F1 Rumors - news ahead of the headlines

31st July, 1999

Formula One - The Fickle Factory

by Julie Gates

This Formula One lark is a fickle old game! Two weeks ago saw the Italian press cussing Eddie Irvine and the British press praising the brilliance of Coulthard. Today, the roles are very much reversed...

The Austrian Grand Prix exposed many - in the media and general public - who changed their perception of the two top Brits dramatically. Eddie Irvine has revelled in his Austrian success, whilst Coulthard has been the expected victim of even more criticism.

The oldest saying about Formula One drivers goes like this: "You are only as good as your last grand prix." In Shakespearean context, it's more like: "thou shalt not be judged unless thy performance classes as major cock-up or race win." Well, similar anyway! But is this really fair on the teams or drivers? After all, as a tree doesn't make a forest, a mistake or win does not define a driver.

David Coulthard's confidence was sky-high entering the Austrian Grand Prix weekend. He could still taste sweet success from his stunning Silverstone triumph - one he said was better, or at least equal, to sex, [to the chagrin of his girlfriend - editor]. He was more determined than ever to prove his sculpted McLaren seat should stay in its present form - fitting his Scottish body.

After an almighty qualifying battle with Hakkinen, he "only" claimed second spot on the grid. Still, one of his lightning starts could have shown the Finn a thing or two...

The engines roared, the lights went out and the hills of Austria were engulfed with the sounds of twenty two rip-roaring cars soaring around the A1-Ring. The second corner: ouch, mayhem! Hakkinen left the door open, and Coulthard goes in for the kill - about time he dug deep to find some of that 'killer instinct' the press go on about. But he touched Hakkinen, sending him into a 180 degree spin and to the back of the pack. Still, all wasn't lost just yet - he did have the lead, after all.

Anger all-round the McLaren pit. Red faces, shamed gestures, words too explicit to print here. How on earth would the press react to their two drivers coming-together? More to the point, how would they handle it? Enter fickle Formula One part fourteen million. Coulthard, hero one day ago, was now being dismissed as something you'd be likely to find on the bottom a tatty and warn-out shoe.

His work over the weekend had been admired, until the point of impact with the number one McLaren. Had he then won that race, rather than being beaten by Ferrari tactical manoeuvring, the villain aspect would have received a lot less exposure. Sure, he would have still been wanted for knocking out his team-mate, but he would also have been the man to ride the show for McLaren.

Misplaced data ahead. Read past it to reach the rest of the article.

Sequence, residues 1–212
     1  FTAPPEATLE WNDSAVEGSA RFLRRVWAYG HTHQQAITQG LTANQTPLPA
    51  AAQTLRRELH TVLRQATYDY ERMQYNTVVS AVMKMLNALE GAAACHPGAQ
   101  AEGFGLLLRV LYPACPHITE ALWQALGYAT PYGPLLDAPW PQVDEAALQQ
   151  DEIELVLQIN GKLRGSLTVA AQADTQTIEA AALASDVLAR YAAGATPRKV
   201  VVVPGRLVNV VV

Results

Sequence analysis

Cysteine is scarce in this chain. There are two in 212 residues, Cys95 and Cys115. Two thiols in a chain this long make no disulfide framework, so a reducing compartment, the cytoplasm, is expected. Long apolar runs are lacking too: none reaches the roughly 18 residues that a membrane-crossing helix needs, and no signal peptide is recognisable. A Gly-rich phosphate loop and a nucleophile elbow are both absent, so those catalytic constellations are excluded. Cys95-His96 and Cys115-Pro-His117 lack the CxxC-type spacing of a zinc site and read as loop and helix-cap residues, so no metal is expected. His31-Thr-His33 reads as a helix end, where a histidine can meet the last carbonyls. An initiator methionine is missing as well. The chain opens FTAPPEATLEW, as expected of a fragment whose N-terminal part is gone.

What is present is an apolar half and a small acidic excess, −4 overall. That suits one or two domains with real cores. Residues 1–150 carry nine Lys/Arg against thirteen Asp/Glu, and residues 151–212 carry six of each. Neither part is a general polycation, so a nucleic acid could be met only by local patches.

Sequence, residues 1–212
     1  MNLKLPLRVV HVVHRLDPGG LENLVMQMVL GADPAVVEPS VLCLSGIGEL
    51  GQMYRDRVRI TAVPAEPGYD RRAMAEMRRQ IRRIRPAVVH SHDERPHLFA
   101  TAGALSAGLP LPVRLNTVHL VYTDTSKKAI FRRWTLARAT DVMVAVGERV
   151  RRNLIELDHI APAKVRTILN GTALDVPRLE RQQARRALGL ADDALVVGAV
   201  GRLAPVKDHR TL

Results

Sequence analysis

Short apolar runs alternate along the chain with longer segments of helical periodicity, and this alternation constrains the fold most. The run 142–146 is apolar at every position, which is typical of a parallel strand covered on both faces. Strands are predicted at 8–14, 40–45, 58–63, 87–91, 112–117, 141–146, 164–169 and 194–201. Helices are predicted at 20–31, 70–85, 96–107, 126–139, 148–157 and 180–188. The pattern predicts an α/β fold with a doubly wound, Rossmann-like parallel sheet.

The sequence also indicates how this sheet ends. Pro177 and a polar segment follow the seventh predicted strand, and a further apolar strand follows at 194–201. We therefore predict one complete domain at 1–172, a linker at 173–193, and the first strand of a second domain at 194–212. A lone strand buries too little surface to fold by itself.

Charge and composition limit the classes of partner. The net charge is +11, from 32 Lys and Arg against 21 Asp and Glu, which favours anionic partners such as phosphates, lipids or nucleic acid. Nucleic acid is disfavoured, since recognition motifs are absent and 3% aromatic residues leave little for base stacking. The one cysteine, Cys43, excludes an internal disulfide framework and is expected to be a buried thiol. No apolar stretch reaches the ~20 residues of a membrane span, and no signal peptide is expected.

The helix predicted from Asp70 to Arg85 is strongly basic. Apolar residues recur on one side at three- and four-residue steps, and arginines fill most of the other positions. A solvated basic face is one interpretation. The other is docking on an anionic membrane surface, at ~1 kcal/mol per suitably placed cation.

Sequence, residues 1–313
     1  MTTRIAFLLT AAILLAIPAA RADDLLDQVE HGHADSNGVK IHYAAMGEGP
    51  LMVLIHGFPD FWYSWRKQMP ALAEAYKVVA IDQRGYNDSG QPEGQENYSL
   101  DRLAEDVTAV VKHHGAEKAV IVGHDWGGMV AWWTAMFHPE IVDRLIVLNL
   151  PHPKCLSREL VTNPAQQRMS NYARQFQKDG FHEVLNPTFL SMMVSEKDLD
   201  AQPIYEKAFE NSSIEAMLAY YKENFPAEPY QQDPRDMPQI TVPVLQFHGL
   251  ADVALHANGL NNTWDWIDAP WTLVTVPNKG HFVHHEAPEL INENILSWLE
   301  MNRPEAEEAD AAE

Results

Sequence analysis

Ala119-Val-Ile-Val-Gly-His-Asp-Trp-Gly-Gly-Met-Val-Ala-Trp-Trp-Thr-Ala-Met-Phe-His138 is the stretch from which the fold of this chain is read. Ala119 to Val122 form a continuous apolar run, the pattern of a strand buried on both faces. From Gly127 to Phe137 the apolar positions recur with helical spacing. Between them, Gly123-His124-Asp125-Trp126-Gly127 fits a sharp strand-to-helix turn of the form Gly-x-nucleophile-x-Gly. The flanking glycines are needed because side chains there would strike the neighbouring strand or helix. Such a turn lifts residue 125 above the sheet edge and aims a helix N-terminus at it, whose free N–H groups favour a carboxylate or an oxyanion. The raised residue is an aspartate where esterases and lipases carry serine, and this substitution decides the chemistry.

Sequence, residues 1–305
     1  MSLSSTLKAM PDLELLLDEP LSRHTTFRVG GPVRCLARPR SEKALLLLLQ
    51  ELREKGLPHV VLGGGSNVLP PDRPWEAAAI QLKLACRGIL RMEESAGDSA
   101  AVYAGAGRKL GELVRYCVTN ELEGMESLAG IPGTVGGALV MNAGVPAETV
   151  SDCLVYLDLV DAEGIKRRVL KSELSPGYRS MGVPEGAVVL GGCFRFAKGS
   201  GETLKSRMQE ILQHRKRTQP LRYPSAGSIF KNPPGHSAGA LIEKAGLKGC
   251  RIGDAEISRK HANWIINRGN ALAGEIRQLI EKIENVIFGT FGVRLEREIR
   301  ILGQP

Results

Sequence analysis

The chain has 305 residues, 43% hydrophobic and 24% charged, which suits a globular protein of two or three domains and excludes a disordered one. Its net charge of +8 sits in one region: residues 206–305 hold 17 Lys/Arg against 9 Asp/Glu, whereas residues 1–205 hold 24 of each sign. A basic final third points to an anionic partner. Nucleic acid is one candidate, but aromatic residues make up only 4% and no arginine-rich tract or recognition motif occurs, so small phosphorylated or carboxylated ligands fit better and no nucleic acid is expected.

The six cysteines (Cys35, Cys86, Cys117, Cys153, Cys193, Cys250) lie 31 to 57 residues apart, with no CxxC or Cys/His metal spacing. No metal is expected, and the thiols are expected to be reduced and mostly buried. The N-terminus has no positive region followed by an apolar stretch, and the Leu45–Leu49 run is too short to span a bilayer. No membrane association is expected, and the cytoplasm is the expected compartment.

Hakkinen was clearly less than impressed with his team-mate's tactics, but let me take this opportunity to refresh your memories. Hakkinen, battling his way fiercely through the field, pulled several 'forceful' overtaking moves out of the bag. Most at turn two and often requiring the co-operation of the man ahead. The Finn put his faith in Heinz-Harold Frentzen and co. and Coulthard obviously did the same with the Finn. The World Champion might well have made it his business to know what was going on behind him on the opening lap. After all, when you have half a dozen cars shoved up your posterior at the start, one cannot take anything or anyone for granted - even your team-mate. The passes were brilliant for Hakkinen, but when Coulthard tried to up his mean-machine reputation, it was a complete no-no. He needed to for the race win and he attempted just that.

Eddie Irvine, the current Formula One hero, was pretty despised two weeks ago. He was again sharing his disgraceful opinions with all and sundry, to the utter delight (sorry, dismay) of Ferrari and the Italian-clad media. Now those very same people love the arrogant, self-obsessed playboy where they hated him such a short time ago! Oh pur-lease!

Ferrari hate his mouth, the Italian press hate his mouth and a lot probably hate him, too. Yet now he has won for the scarlet team a second time this season, and they are crawling around his rear-end like he is God's gift. Either they like the guy or they don't! It's pretty simple, really. If they want to take the good times, they have to take his mouth with it. That is Eddie - he wouldn't be Eddie if he didn't inject his weekly contribution to the motor-mouth association. Take him or leave him, guys, but less of the "we like him when he wins, but..."

Neither David nor Eddie are as good as Schumacher or Hakkinen, but they are out there giving it their all, determined to prove to the world that they are there to be taken seriously. So, how about on their bad days, we support them instead of ridiculing? After all, we do the praising well enough. It's just a shame peoples' memories stretch to only as far as the last grand prix.

Good luck guys, I fear you may need it.

Article is written by and copyright © 1999-2001 Julie Gates and The F1 Rumors Site

Julie Gates is happiest watching F1 and writing. Also interested in singing, cars, cinema, reading and going to concerts, she has little spare time to relax, but this is the way she likes it - rather being busy than idle as she can't stand still for five minutes! Totally committed to her career as a Formula One journalist, she is determined to succeed.

Interested in reading more by this author?

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Stewart 1: Jackie Stewart - a profile of the man and the driver
Stewart 2: Stewart Grand Prix - a profile of the teams origins, and baptism of fire in Formula One
Stewart 3: Stewart McTiger - profile of Stewarts recovery from 1998
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